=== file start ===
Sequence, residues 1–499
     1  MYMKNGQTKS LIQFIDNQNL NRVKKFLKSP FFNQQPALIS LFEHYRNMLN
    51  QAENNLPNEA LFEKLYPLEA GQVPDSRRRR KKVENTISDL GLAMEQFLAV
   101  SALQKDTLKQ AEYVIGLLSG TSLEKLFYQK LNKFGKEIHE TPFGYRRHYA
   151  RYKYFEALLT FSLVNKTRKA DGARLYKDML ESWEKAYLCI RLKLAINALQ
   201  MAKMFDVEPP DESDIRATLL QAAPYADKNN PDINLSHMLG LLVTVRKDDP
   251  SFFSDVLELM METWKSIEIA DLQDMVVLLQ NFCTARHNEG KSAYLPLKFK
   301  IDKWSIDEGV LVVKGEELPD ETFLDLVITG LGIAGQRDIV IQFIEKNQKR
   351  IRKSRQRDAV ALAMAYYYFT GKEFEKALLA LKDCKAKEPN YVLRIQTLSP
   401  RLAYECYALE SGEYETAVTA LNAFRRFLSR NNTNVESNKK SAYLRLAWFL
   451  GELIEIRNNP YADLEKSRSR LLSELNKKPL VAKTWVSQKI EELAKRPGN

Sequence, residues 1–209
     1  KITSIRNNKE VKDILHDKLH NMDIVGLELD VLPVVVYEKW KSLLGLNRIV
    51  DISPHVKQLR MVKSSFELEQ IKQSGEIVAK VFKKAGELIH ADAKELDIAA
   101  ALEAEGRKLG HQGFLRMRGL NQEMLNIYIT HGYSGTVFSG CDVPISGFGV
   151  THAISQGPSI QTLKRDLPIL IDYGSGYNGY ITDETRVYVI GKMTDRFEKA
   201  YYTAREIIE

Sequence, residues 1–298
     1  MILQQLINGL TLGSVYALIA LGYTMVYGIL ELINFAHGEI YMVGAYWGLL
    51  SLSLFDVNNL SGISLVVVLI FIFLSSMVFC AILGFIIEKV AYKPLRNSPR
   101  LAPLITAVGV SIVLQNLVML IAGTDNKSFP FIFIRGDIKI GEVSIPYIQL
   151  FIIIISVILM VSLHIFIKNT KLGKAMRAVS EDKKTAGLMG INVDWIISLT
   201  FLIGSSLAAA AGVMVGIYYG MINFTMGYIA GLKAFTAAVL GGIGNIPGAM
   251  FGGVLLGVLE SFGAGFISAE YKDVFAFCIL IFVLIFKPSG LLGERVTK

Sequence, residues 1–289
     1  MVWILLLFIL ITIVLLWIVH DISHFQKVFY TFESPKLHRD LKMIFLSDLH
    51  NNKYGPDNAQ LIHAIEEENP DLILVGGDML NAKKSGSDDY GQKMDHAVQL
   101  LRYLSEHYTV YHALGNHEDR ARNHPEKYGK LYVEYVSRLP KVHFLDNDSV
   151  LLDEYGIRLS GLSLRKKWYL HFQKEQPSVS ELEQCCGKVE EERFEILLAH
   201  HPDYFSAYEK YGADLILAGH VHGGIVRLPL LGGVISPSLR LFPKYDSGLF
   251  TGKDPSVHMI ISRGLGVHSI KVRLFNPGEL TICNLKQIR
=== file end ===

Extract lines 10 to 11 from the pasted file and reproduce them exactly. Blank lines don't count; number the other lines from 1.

   401  RLAYECYALE SGEYETAVTA LNAFRRFLSR NNTNVESNKK SAYLRLAWFL
   451  GELIEIRNNP YADLEKSRSR LLSELNKKPL VAKTWVSQKI EELAKRPGN